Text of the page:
Biochemical and biophysical aspects of exposure to uranium

The health risks from exposure to uranium: advanced biochemical and biophysical aspects. By Chris Busby, Dept. Human Anatomy and Cell Biology, University of Liverpool.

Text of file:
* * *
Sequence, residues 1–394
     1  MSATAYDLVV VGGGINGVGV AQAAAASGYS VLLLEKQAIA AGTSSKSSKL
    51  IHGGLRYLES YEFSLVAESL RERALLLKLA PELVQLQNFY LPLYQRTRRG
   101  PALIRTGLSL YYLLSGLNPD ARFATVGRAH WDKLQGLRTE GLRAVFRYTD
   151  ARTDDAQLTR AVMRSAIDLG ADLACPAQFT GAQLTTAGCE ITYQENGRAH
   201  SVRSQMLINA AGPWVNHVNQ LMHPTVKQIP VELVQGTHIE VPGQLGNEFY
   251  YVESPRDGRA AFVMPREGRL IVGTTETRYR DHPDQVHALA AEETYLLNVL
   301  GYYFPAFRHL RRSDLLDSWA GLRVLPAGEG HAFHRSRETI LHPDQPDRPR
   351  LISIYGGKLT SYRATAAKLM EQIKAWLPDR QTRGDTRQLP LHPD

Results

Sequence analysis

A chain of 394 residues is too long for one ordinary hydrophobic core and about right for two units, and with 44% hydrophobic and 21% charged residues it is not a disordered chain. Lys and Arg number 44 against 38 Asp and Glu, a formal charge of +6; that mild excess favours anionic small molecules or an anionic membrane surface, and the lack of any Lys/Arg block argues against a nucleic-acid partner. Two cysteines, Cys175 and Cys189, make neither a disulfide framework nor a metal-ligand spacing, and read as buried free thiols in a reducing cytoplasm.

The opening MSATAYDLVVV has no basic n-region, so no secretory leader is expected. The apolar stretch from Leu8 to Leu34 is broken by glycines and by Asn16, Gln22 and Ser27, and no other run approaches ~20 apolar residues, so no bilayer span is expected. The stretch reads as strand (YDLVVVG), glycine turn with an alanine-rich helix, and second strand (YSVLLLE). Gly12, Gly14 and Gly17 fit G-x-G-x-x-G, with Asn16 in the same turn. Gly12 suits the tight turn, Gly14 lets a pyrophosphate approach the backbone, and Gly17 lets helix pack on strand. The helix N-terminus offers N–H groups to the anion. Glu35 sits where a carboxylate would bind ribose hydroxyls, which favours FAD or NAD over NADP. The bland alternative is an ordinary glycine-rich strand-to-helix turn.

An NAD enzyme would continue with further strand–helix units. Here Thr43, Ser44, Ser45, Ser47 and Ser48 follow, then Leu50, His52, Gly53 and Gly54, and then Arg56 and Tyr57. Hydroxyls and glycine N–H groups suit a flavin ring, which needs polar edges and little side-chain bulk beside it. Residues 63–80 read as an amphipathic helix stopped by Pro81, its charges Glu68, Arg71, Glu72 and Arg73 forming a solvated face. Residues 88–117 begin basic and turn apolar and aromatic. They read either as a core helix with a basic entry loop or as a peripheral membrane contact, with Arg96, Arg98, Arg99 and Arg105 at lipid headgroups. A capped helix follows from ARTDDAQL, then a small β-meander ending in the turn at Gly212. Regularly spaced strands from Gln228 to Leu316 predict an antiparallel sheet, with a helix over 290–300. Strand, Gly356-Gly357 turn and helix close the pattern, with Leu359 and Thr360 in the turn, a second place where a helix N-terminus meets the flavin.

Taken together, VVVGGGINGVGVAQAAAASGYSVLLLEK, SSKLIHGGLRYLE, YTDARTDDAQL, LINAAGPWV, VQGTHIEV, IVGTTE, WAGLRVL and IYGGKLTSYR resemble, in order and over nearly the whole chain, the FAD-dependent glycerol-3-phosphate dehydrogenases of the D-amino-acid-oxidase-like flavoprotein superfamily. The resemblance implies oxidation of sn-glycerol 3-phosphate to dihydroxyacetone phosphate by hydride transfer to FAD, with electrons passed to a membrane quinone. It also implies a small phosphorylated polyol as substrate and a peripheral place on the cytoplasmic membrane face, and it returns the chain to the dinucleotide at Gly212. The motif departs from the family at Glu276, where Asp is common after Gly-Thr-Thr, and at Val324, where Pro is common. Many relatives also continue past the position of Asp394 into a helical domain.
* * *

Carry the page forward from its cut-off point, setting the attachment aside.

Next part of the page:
Abstract: Following renewed interest in uranium toxicity generated by the military use of uranium weapons, it is found that the element exhibits genomic and other harmful effects not predicted by its radioactivity (e.g. Abu Quare and Abou Donia 2002, Craft et al 2004, IRSN 2005, Bertell, 2006).  This has resulted in two schools of thought: those based on the conventional radiobiological risk assessments (e.g. Royal Society 2001, Wakeford 2001) and those pointing out that there are real genomic effects which cannot be explained or predicted (Baverstock 2005, Bertell 2006). There certainly seem to be experiments which show anomalous genomic or genetic effects (including Bosque et al 1993, Miller et al 1998-2005, Coryell and Stearns 2006,) but these are usually interpreted as implying some unelaborated ‘heavy metal’ effect for uranium. Historically, Uranium has been considered both a radiological and also a ‘heavy metal’ poison, following Calcium in its distribution within the body, i.e. building up in bone, and with the principle target for toxicity being the lung and the kidney (RS 2001).

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